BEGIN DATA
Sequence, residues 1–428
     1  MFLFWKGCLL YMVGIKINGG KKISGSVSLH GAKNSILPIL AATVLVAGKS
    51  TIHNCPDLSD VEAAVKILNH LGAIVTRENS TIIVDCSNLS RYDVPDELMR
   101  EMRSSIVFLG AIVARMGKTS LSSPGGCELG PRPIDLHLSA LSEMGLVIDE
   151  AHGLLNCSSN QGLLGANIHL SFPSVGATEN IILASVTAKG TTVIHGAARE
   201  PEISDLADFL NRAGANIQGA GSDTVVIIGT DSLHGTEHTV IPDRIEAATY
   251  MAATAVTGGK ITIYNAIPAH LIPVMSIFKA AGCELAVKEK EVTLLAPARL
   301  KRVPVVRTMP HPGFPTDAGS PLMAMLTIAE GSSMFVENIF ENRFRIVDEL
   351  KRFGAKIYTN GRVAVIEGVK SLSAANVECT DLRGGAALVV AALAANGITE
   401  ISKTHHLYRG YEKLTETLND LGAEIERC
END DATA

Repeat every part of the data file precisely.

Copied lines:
Sequence, residues 1–428
     1  MFLFWKGCLL YMVGIKINGG KKISGSVSLH GAKNSILPIL AATVLVAGKS
    51  TIHNCPDLSD VEAAVKILNH LGAIVTRENS TIIVDCSNLS RYDVPDELMR
   101  EMRSSIVFLG AIVARMGKTS LSSPGGCELG PRPIDLHLSA LSEMGLVIDE
   151  AHGLLNCSSN QGLLGANIHL SFPSVGATEN IILASVTAKG TTVIHGAARE
   201  PEISDLADFL NRAGANIQGA GSDTVVIIGT DSLHGTEHTV IPDRIEAATY
   251  MAATAVTGGK ITIYNAIPAH LIPVMSIFKA AGCELAVKEK EVTLLAPARL
   301  KRVPVVRTMP HPGFPTDAGS PLMAMLTIAE GSSMFVENIF ENRFRIVDEL
   351  KRFGAKIYTN GRVAVIEGVK SLSAANVECT DLRGGAALVV AALAANGITE
   401  ISKTHHLYRG YEKLTETLND LGAEIERC